Since the early days of cinema, our society has become fascinated by the troupe of the “Child Star”. There are actors who make the transition from child star to working adult actor with ease; Sarah Jessica Parker, Ron Howard, Leonardo DiCaprio, Keanan Thompson, and Claire Danes, to name a few.
There are also those who, once hitting adulthood, essentially retire from acting and use their fame as a platform to explore other interests, such as Shirley Temple or Mary Kate and Ashley Olsen. But these aren’t the Child Stars that stick out in our mind- it’s the train wrecks, the cautionary tales, and the failed comeback kids that we mostly associate with this term “Child Star”.
From Dana Plato, who went from being the teenage female heartthrob principle character on the successful sitcom Diff’rent Strokes, to holding up a Las Vegas video store for drug money and later OD’ing; to Michael Jackson, King of Pop, who from age 6 till his death, endured a demanding performance schedule in conjunction with an abusive home life and constant media scrutiny. Once hitting middle age, physical and emotional exhaustion wore him down and died tragically due to a lethal cocktail of prescription drugs.
In more recent years, we have witnessed more extreme, highly publicized versions of what the media has referred to as “mental breakdowns”. From Britney Spears’ public head shaving, to the reckless drunken antics Lindsay Lohan, to Amanda Bynes erratic transformation and behavior, we are fascinated by the complete 180 these seemingly well-adjusted children make when confronted with adulthood.
These tragedies have become so common, that it is now referred to as “The Curse of the Child Star”.
Mara Wilson, child star of such films as Miracle on 34th St., Matilda and Ms. Doubtfire, recently was interviewed on NPR regarding an article she wrote breaking down the anatomy of a Child Star’s decline. A supernatural curse is not responsible, but rather it’s attributed to being over indulged, over worked, over exposed, manipulated, and exploited during this early developmental phase of life. These factors, coupled with a lack of stable, appropriate parental guidance to hold them accountable when necessary and keep them grounded, takes away their ability to truly experience a childhood.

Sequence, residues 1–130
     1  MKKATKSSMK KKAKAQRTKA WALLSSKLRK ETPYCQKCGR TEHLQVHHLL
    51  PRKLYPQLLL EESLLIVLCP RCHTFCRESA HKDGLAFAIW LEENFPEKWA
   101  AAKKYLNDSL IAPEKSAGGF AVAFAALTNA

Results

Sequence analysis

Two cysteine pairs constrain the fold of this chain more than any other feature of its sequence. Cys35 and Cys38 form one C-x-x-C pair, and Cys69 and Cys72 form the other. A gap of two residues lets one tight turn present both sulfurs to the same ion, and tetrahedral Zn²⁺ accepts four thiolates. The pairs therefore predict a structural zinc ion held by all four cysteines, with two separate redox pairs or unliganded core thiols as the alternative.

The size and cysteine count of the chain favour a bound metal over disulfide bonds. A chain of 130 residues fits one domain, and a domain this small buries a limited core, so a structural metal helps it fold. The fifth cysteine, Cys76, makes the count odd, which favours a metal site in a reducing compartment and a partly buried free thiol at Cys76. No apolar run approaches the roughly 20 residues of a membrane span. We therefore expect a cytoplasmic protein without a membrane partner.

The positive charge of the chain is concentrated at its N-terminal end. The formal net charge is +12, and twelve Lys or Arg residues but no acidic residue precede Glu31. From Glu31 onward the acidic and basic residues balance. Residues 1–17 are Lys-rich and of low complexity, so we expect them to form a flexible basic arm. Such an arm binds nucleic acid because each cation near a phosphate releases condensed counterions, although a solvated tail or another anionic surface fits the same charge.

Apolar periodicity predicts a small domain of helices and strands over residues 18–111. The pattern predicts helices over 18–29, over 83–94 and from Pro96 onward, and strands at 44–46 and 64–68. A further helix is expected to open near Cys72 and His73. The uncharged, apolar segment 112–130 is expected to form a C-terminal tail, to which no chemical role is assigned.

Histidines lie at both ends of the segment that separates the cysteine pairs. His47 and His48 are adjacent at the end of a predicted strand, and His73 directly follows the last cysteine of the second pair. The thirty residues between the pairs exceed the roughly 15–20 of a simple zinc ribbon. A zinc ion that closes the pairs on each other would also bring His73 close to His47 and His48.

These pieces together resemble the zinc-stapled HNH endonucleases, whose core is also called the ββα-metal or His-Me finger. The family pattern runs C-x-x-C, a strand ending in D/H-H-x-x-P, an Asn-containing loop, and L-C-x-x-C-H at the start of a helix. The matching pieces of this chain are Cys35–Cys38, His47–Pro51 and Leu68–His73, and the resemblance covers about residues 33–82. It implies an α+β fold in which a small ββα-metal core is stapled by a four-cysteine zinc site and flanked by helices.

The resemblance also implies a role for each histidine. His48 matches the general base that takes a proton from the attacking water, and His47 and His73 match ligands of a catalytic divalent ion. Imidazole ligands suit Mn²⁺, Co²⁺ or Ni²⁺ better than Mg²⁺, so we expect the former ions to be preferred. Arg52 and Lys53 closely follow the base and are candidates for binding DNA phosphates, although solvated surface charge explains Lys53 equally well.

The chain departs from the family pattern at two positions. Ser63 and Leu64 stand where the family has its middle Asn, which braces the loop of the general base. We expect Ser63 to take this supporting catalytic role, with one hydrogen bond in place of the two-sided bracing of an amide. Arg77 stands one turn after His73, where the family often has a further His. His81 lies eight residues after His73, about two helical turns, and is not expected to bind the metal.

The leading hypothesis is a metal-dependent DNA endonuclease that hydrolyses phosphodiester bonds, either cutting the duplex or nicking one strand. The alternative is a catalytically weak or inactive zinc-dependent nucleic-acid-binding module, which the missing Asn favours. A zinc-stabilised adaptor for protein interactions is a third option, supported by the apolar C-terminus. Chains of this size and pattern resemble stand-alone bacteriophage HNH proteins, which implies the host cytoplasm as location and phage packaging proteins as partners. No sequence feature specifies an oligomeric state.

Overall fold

Now, I know what you may be thinking- it is common that we justify their downward spiral in adulthood due to their “inability to experience a childhood” because of a high demand work schedule in youth, but it is so much more then that. Childhood is more then just being allowed to play with other kids their age on the playground every so often; the childhood phase is when one experiences the most cognitive development at a rapid rate. It’s the time to learn how to process, understand, communicate, make good judgment calls, and this period of development becomes stunted when the pursuit of fame and money begins to override the needs of the child. Everything a child sees, hears, experiences, etc., leaves a fingerprint on their brain that can’t be removed, ultimately effecting who they become in adulthood. When this critical period is taken for granted it becomes a formula for catastrophe.
So what can we learn from this? If we are blessed with performance prodigy children, do we hinder their desires to develop this talent? Should Motzart’s mother have burned the family piano and shoved an abacus in his face, the first time the 4 year old played An die Freude ? No way! Believe in your children, foster their creative curiosity and support them in achieving their full potential, but never forget your role as a parent; to protect their innocence and always place their emotional and physical needs before everything else. Also, remember your children aren’t business associates, or clients, or best friends, they are kids. The whole world is still new to them and they need you to be their guide. Childhood is fleeting; so let them enjoy the experience.
If you are raising an exceptionally gifted child but are hesitant to develop this talent because you are afraid of becoming another “Dina Lohan” or “Joe Jackson”, then make an appointment with me today. I have the ability to provide you with the proper parenting tools that will allow your child to excel, while still providing stability and proper boundaries, so your kids can still be kids. So give my office a call- (212) 599-3195.
To hear Mara Wilson’s interview on NPR, check out this link:
To read the Mara Wilson’s article, check out this link:
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